In latest tally, Thurmond leads Tuck by 74,000 votes as counting continues
In what may be a pivotal moment in the race, Assemblyman Tony Thurmond, D-Richmond, has maintained his lead over Marshall Tuck in the contest for California’s state superintendent of public instruction based on the ongoing tallying of millions of uncounted ballots.
Thurmond has not only erased the 86,000 vote lead Marshall Tuck enjoyed in the post-election day count, but leads Tuck by just over 74,000 votes, according to the latest figures released Wednesday evening by the California Secretary of State.
The post-election day count of a week ago did not include the estimated 4.8 million uncounted votes, consisting mainly of mail-in ballots and provisional ballots issued at polling stations.
The latest figures indicate that Thurmond has 50.5 percent of the vote and Tuck 49.5 percent. Thurmond currently has 4,169,323 votes, compared to Tuck’s 4,094,393.
For the most recently posted results on the race, check out EdSource’s vote tracker here.
Although millions of ballots have yet to be counted, the momentum in the race now appears to be clearly in Thurmond’s favor. Ever since county election officials began tallying the uncounted ballots last week, Thurmond has outpaced Tuck in the vote count. Each day he has cut into Tuck’s lead substantially, and has now overtaken him.
Thurmond and Tuck are running to replace the incumbent superintendent Tom Torlakson, who is termed out after serving two four-year terms.
While the superintendent himself does not have substantial policy-making powers, as the top official in the nation’s largest school system, with over 6 million students and 10,000 schools, he occupies a highly visible bully pulpit to be able to influence education reforms and debates not only in California but across the nation.
He also runs the California Department of Education, and in that role can influence how state and federal programs and policies are implemented in schools across the state.
At least 3 million outstanding ballots have yet to be reported to Secretary of State’s office by Wednesday afternoon.
At the Alameda County’s voter registrar’s office in downtown Oakland on Tuesday, vote tabulation was in full swing. Tim Dupuis, the county registrar of voters, said the county has about 90,000 votes left to count, out of 250,000 that were uncounted after election night. The county had vote counters work overtime and through the long weekend. He projects that the county will have what he called the “unofficial final” tally done by the end of the week.
Dozens of people were working Tuesday to process ballots in the windowless basement of the Alameda County Superior Courthouse. In one room, several rows of workers removed stacks of ballots from envelopes and arranged them into piles, while another group examined and remade ballots that had been damaged. Down the hall, more workers fed stacks of ballots into scanners, which spat out piles of counted ballots into one tray and those the machine could not read into another above it.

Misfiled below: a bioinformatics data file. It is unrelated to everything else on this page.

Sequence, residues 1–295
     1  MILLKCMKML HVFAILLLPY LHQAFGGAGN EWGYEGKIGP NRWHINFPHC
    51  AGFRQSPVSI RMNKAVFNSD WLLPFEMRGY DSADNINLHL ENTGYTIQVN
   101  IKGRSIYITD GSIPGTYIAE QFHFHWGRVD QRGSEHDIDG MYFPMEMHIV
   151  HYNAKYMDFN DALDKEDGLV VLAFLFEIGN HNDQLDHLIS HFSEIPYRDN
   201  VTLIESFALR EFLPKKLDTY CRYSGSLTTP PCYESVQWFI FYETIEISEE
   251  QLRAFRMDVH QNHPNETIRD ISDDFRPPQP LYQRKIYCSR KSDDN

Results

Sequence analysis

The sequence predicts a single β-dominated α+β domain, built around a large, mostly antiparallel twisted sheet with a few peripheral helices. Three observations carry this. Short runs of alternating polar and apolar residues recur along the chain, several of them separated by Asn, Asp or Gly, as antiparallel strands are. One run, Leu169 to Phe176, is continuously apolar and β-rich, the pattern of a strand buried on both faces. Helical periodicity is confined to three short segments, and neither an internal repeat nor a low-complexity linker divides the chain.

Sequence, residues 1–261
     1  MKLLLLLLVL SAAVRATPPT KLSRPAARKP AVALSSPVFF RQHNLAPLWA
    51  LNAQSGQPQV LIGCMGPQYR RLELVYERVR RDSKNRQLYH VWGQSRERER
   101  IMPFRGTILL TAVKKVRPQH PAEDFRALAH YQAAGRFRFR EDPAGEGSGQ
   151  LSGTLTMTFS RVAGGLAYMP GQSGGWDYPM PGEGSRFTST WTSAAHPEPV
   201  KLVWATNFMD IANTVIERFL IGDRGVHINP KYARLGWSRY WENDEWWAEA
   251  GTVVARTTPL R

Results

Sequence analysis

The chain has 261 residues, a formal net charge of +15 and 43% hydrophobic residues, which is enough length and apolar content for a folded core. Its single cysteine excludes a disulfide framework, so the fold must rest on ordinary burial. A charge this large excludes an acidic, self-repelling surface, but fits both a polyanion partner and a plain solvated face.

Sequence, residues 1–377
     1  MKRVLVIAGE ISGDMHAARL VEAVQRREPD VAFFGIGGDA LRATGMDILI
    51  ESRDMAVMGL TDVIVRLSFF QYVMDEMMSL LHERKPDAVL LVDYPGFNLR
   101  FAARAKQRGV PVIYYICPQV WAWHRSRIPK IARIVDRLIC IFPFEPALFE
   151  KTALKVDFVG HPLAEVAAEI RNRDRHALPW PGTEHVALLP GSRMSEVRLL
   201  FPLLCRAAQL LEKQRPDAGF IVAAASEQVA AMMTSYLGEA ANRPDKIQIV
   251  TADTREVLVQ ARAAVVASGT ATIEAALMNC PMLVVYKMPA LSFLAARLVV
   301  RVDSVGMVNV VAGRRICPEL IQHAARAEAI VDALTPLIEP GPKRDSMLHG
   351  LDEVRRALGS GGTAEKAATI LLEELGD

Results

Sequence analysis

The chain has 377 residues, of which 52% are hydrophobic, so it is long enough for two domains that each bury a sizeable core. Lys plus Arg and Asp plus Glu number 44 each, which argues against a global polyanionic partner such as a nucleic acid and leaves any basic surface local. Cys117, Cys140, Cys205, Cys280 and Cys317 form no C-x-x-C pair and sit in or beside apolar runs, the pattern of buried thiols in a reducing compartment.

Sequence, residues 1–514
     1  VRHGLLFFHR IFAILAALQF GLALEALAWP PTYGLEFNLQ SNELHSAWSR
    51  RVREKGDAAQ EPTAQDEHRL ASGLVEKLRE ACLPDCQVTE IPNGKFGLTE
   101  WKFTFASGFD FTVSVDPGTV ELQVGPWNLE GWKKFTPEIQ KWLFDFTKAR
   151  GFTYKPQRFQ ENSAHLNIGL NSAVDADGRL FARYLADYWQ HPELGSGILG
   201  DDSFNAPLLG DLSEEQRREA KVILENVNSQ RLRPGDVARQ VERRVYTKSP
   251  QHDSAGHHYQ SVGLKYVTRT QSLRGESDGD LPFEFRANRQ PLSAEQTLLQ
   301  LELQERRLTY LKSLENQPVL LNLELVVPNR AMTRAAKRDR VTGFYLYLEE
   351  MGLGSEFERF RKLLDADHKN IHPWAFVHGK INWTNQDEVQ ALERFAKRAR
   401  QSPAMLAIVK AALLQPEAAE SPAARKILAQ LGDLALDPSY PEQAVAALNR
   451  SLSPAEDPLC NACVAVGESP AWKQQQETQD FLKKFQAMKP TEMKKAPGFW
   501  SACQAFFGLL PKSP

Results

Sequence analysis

Similar scenes were being played out in dozens of counties throughout California. As of Wednesday afternoon, Los Angeles County, by far the state’s largest, still had to report the results of 688,000 uncounted ballots.
The high number of uncounted ballots this year is not unusual. In fact, the number of uncounted ballots was almost as high two years ago during the November 2016 presidential election.
“This is consistent with past vote counts in California, particularly in high turnout elections,” said Sam Mahood, a spokesman for Secretary of State Alex Padilla. But, he said, “the use of vote-by-mail ballots has consistently increased over the past decade and a half.”
An estimated two-thirds of the uncounted ballots are mail-in ballots postmarked by or before Nov. 6, but arrived too late to be counted by Election Day.
Another fifth are provisional ballots issued on Election Day. A provisional ballot is a regular ballot put in a special envelope before being put in the ballot box. One reason for issuing a provisional ballot is if a voter believes he or she is registered to vote, even though their names are not on the official voter registration list. Another reason is they had signed up to vote by mail, but did not receive their ballot, or instead chose to vote at their neighborhood polling place.
A much smaller number — about 5 percent — are damaged ballots, ballots that could not be machine-read or those that were rejected by optical scanners for further review.
In the tally of new votes counted since Election Day Thurmond is leading Tuck by a 53.8 to 46.2 percent margin, according to an EdSource analysis.
Tuck has the majority vote in 41 out of 58 counties, but in new votes counted, Thurmond is doing better in 36 counties than he did in the original count.
Even in counties where Tuck was clearly ahead in the original precinct count, Thurmond is closing the gap. For example, a week ago, Tuck was ahead 59.2 percent to 40.8 percent in Orange County, but votes counted since then have gone to Tuck by a narrower margin — 52.2 percent to Tuck and 46.8 percent to Thurmond.
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